Berry's defence was not found credible by the all-male, all-white jury at his first trial, and he was convicted on March 11, 1960, and sentenced to five years' imprisonment and a $5,000 fine. Although he would have his conviction vacated and a new trial ordered by a Federal Appeals Court in October 1960 due to disparaging racial comments made by the judge in his original trial, (oh really) Berry would be convicted again on retrial in March 1961 and serve the better part of the next two years in prison. Berry was completely fucked over and the sentence effectively killed his career. It had a profound effect on him personally and also professionally and reportedly he’s been a hard person to like ever since. “Never saw a man so changed," is how the great Carl Perkins described the experience of touring England in 1964 alongside Chuck Berry. "He had been an easy going guy before, the kinda guy who'd jam in dressing rooms, sit and swap licks and jokes. [But] in England he was cold, real distant and bitter." The "before" to which Perkins referred was the four-year period from 1956 to 1959, when Berry established his reputation as one of rock and roll's founding fathers. Berry’s career was of course rejuvenated by the use of his songs by The Beatles and The Rolling Stones, but that chip on his shoulder would stay with him until this very day. Take a look at the 1987 movie Hail Hail Rock n’ Roll and it paints a vivid picture of the world’s most difficult and trying collaborator. Still, to set the record straight, Berry was no stranger to prison life, while still a high school student he served a prison sentence for armed robbery from 1944 to 1947!! Berry had trouble with the law in 1979 for Tax evasion due to his insistence on being paid in cash for performances; in 1990 he was in strife again for being an amateur voyeur after installing cameras in the ladies rooms of his restaurants. He was indeed a Brown Eyed Handsome Man. ( See Pamela De Barres books for further details) Upon release in 1947 Chuck Berry had a huge problem and that problem was a swing band called Louis Jordan and His Tympany Five and their song "Ain't That Just Like a Woman." Like a calling from the almighty Chuck Berry’s life was about to be turned upside down. If you were asked to pick five musical seconds that told the world everything they needed to know about rock music, the opening guitar riff of "Johnny B. Goode" would probably be it.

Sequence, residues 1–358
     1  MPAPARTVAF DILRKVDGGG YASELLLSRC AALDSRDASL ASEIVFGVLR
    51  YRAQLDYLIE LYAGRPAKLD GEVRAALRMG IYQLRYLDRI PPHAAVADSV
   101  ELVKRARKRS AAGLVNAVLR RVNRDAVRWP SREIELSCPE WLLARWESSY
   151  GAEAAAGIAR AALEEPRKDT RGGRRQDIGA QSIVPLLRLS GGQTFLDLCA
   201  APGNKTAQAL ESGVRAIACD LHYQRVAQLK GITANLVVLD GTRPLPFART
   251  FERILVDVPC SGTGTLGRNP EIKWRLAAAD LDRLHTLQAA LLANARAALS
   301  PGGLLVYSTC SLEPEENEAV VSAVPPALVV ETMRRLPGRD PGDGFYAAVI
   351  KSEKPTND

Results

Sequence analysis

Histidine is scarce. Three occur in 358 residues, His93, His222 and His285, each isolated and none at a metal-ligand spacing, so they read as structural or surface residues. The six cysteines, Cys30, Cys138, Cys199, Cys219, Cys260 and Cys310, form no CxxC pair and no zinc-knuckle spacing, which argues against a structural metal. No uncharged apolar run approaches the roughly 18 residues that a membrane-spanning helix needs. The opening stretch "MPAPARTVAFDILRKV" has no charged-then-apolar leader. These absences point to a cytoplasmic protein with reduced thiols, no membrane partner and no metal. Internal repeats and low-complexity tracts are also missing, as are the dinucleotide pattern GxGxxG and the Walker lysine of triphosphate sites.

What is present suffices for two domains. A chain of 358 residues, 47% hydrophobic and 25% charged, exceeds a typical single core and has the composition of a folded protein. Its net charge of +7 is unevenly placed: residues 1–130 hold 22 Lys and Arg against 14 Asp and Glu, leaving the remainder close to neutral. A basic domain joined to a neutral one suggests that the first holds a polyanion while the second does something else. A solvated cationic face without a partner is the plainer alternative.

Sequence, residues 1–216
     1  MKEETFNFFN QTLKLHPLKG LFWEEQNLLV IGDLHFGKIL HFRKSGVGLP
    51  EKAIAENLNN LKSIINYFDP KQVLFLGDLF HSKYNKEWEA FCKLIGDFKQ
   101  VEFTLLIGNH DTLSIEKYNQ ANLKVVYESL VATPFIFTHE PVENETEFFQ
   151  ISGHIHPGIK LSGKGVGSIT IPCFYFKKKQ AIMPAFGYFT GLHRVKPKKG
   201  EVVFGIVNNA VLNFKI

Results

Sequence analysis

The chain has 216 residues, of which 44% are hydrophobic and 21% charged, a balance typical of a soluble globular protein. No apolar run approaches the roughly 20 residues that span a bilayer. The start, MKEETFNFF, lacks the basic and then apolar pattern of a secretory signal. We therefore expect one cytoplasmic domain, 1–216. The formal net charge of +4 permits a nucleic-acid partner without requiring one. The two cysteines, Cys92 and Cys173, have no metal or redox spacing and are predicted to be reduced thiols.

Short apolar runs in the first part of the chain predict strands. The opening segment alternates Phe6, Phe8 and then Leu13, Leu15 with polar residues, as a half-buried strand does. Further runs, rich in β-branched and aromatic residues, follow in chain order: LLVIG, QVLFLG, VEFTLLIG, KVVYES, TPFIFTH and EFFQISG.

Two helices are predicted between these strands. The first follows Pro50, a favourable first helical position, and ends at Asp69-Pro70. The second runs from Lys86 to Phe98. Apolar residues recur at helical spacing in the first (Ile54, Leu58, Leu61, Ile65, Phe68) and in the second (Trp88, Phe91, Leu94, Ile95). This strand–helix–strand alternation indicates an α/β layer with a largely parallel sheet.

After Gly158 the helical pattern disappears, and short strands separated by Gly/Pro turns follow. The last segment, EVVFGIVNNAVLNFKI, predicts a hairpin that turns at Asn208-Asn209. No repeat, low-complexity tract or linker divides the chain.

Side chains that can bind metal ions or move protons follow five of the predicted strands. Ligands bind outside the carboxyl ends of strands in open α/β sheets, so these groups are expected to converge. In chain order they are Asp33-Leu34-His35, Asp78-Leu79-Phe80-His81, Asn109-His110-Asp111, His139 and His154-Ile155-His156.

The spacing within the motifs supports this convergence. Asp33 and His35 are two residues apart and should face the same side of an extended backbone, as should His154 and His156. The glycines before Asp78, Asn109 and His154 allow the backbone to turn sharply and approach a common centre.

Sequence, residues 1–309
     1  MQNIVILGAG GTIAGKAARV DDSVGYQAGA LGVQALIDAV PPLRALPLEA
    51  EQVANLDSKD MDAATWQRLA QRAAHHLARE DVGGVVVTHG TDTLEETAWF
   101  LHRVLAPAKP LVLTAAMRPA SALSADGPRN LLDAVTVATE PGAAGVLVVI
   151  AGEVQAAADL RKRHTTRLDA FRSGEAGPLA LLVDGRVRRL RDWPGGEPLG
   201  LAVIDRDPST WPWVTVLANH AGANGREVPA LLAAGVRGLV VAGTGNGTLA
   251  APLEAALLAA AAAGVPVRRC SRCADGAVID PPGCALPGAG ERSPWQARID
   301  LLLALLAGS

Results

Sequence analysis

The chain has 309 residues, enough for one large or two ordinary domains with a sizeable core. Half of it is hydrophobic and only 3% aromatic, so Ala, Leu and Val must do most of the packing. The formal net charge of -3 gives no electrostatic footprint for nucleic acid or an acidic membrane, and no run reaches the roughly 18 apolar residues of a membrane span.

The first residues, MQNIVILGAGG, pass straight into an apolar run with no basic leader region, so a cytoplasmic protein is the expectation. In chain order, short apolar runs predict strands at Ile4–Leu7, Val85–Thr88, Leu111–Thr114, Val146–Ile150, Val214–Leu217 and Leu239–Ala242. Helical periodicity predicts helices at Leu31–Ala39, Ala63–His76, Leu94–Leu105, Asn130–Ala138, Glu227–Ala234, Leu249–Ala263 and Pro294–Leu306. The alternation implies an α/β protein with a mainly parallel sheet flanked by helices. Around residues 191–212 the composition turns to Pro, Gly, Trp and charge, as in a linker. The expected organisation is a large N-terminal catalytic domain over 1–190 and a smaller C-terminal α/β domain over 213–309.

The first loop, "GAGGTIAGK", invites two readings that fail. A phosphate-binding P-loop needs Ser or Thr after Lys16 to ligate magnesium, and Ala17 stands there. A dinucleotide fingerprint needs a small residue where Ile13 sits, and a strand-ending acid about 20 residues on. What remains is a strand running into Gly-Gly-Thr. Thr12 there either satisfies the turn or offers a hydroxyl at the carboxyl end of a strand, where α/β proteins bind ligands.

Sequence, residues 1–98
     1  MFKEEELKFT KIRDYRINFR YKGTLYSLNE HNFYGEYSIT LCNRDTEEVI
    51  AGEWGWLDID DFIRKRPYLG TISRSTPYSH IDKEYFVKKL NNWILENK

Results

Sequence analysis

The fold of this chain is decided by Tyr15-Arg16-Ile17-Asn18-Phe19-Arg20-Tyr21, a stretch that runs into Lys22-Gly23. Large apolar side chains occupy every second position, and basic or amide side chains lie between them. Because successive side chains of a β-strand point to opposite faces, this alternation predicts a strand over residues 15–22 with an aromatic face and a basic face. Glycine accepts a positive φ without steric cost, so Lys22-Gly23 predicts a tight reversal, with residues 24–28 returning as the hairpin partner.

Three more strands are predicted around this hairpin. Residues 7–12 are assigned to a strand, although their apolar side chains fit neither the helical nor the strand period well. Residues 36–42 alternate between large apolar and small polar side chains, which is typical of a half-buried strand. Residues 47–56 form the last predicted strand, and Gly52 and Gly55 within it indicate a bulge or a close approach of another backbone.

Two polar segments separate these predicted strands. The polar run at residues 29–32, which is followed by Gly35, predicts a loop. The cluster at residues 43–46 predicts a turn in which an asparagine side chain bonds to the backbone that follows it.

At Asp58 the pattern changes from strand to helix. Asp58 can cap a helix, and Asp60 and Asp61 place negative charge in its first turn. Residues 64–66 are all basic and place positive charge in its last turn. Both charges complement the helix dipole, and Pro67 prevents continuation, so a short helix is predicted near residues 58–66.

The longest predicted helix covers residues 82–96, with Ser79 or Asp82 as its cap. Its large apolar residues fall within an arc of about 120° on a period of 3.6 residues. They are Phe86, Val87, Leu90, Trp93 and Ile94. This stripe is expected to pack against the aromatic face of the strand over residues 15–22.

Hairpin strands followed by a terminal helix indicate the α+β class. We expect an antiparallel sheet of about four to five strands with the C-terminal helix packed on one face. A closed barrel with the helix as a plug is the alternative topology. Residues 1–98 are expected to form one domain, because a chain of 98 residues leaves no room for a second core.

Except Chuck Berry didn’t really write it, he nicked it note for note; from a guitarist he later called his idol, Carl Hogan. Twelve years before "Johnny B. Goode" was a glimmer in Chuck's eye, Carl Hogan played that iconic riff on “Aint That Just Like A Woman” from a 1946 R&B album. And Berry later admitted to studying it and incorporating that riff not just into "Johnny B. Goode," but also "Roll Over Beethoven" and Carol. Chuck himself explains: “The first time I heard (the riff) was in one of Carl Hogan's riffs in Louis Jordan's band.So i put a little Carl Hogan, a little T-Bone Walker, and a little Charlie Christian together, and look what a span of people you will please! And making it simple is another important factor … in being able to play my music. If you can call it my music. Ain't nothing new under the sun.” Chuck being humble for a change? No matter where the tunes come from Chuck Berry is the Poet Laureate of Rock Music. He was our first guitar hero.

By Glenn Forsyth

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Parent Category Page Links: Music Artists / Outfits - America